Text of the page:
Inside Story

Current affairs & culture from Australia and beyond

878 words

Will Batman’s voters take no for an answer?

8 March 2018

The Sunshine State continues to make its mark in Melbourne’s closely watched federal by-election

Right:

No Adani? Labor’€™s Ged Kearney during the Batman candidates forum at the Northcote Town Hall on Tuesday. Daniel Pockett/AAP Image

No Adani? Labor’€™s Ged Kearney during the Batman candidates forum at the Northcote Town Hall on Tuesday. Daniel Pockett/AAP Image


If there was ever any doubt that the 17 March Batman by-election would be fought on the issue of a coalmine 2200 kilometres to the north, then Greens candidate Alex Bhathal removed it early at a forum on Tuesday night at Northcote Town Hall. Up on stage with Labor’s Ged Kearney and three fringe-party candidates, she fronted around 200 Batman voters in a t-shirt that read ADANI — NO MEANS NO.

To be fair to Bhathal, it was a climate-change forum and she was just sticking to the theme. I, on the other hand, hadn’t read the event announcement properly. There to witness what I had erroneously assumed would be a debate between all Batman candidates, my main point of interest was Cory Bernardi’s man in Batman, Kevin Bailey. Just a few days earlier I’d heard Bailey on ABC Radio, an event the Australian Conservatives website described like this: “The former SAS soldier charged behind enemy lines into the ABC’s Melbourne studios and emerged with a smile on his face and at least one happy listener.”

From listening to the energetic Bailey I get the feeling the smile’s permanent. I also get the feeling he’ll need it when the votes come in. Given the agenda he’s pushing — he’s a keen supporter of the Adani project and laments the invisibility of nuclear power in Australia’s energy mix, for example — and the electorate in which he’s pushing it, the one happy listener might just about be the upper limit of his support.

For no other reason than my own amusement I was hoping Bailey would show up in Northcote and, while we’re going with Cory’s war-games theme, lob a few metaphorical hand grenades into the forum. But alas, it wasn’t to be. It was probably a good thing in the end. The room wouldn’t have taken too kindly to contributions from a member of a party that puts the term climate change in inverted commas on its website.

One place that Bailey might find a constituency, though, is in north Queensland. Just last week, stuck in a traffic jam in Northcote, at the lower end of Batman, I noticed a sign on the front fence of a house that said: I’M VOTING TO STOP ADANI IN BATMAN. I flipped my phone over to my daughter and asked her to get a quick photo and send it to a friend in Townsville with a simple request for comment. The reply, from a person normally sluggish when responding to texts, was immediate. “North Queensland businesses aren’t serving anyone who even smells like a protestor. They are all southerners.” End of transmission.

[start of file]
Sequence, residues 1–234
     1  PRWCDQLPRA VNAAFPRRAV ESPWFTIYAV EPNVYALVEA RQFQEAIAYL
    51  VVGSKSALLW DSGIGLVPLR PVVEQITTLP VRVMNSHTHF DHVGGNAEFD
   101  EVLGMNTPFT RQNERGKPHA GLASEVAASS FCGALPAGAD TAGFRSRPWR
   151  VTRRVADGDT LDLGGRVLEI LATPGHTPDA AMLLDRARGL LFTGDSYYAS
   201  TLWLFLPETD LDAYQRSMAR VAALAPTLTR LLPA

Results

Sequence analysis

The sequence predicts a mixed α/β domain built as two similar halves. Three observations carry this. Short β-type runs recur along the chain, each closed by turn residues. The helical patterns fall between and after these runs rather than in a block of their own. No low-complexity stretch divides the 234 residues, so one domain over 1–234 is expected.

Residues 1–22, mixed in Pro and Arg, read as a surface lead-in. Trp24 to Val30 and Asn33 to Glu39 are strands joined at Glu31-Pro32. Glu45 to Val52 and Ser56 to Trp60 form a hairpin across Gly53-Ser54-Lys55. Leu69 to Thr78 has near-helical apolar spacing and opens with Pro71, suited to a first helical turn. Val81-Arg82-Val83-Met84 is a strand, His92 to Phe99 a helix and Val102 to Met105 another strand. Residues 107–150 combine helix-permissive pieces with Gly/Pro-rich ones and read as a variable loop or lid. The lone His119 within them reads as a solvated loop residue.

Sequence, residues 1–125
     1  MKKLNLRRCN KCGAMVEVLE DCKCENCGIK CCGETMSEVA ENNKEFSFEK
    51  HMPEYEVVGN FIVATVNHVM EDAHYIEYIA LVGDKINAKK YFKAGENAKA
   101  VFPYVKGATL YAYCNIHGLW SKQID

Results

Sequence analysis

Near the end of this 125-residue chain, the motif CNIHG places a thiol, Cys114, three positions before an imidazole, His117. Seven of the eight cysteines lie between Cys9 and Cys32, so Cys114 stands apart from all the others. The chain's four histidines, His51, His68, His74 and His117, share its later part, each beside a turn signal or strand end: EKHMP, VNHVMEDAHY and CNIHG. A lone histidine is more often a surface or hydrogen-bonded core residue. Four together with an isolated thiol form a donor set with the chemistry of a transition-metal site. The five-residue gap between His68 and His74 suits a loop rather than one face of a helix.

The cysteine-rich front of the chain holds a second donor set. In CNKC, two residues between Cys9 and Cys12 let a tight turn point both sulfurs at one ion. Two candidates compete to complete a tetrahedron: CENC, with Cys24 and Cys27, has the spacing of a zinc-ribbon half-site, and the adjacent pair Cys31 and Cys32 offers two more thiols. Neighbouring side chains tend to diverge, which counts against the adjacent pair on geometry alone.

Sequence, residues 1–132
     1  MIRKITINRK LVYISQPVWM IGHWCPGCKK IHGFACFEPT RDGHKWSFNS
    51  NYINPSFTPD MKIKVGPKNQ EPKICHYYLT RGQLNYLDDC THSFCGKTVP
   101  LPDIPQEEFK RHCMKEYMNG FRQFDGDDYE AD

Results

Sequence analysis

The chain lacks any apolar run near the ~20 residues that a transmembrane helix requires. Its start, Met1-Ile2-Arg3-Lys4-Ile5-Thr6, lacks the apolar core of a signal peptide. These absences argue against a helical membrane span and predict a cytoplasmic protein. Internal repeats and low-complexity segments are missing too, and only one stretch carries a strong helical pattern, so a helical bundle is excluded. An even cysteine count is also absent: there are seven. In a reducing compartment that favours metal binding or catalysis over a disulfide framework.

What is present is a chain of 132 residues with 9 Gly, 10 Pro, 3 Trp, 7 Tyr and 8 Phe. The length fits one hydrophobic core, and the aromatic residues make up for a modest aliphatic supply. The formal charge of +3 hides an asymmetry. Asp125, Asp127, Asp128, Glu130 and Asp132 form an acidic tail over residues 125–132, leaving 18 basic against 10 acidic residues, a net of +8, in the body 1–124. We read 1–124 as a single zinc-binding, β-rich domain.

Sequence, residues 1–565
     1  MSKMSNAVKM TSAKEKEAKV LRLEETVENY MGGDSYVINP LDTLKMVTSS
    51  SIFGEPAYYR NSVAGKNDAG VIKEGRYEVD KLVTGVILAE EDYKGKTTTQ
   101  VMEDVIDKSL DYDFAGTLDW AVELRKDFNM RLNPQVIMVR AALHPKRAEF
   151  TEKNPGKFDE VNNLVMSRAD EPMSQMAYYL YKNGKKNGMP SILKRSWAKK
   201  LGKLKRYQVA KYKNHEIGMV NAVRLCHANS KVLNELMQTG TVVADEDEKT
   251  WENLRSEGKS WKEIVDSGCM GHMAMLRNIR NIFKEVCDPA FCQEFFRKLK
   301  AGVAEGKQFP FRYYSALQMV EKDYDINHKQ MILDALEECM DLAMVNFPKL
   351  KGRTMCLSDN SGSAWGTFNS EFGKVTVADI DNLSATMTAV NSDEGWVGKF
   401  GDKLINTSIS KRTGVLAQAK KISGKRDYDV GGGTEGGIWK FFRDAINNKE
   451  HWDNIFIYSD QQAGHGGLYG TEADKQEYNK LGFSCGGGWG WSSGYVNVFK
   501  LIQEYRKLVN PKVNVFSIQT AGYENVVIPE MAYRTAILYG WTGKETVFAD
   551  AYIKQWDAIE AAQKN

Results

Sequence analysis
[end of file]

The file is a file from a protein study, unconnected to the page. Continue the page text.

Of course I had a fair idea of what the word from the north would be. Joh Bjelke-Petersen–era exceptionalism aside, I’m not sure it would be any different if the situation was reversed. Still, the tone of the text was a little unsettling. I have plans to drive to the Great Barrier Reef in the middle of the year and have entertained thoughts of checking out Adani while I’m up there. It seems clear now that I’m going to need some fake Queensland registration plates and a liberal supply of cologne to splash about lest I exude any whiff of eau de protestataire.

Back in Batman, it wasn’t a particularly good night for Queensland enterprise. After Adani, one of the other main topics of discussion was methane levels in the atmosphere, with multiple speakers calling for a shift away from animal-based food production — a major methane producer — to plant-based food production. Queensland is far and away Australia’s biggest beef-producing state, home to 40 per cent of a national herd of more than twenty-five million. That’s a lot of methane. The only joy Queensland meat producers could possibly have taken from the forum is that they account for only around 3 per cent of the nation’s seventy million or so sheep.

As everyone knows, the race for Batman on St Patrick’s Day is between Kearney and Bhathal. The feeling is that the Liberal Party’s decision not to field a candidate is more likely to favour the Greens because Labor’s David Feeney snuck over the line in 2016 courtesy of its preferences. The Greens, for their part, appear cautiously confident that this might finally be Alex Bhathal’s time. It’ll be her sixth attempt to take Batman and, as Inside Story’s Tim Colebatch has reported, she’s overseen an eightfold increase in the Greens’ primary vote in the electorate since 1998. A known quantity, she appears to have weathered the storm of recent bullying allegations made against her and is campaigning relentlessly.

Ged Kearney, though, isn’t David Feeney. She’s an impressive candidate with an impressive CV — “If there’s one thing I know how to do, it’s fight Tories” — and for those looking for a winner out of the climate-change forum, Kearney probably took the points, albeit narrowly. But she struggled at times to convince the room that Adani categorically wouldn’t go ahead under Labor. Given the obvious importance of the issue to many in the Batman electorate, Bhathal’s t-shirt might just win her the day. •

Read next

2540 words

Up to a point, Professor Hamilton

Books | Has Clive Hamilton written what one critic called a “McCarthyist manifesto”?

Right:

Silent invader? A Chinese government supporter waves a Chinese flag outside Parliament House during the visit of Chinese president Xi Jinping in November 2014. Lukas Coch/AAP Image

Silent invader? A Chinese government supporter waves a Chinese flag outside Parliament House during the visit of Chinese president Xi Jinping in November 2014. Lukas Coch/AAP Image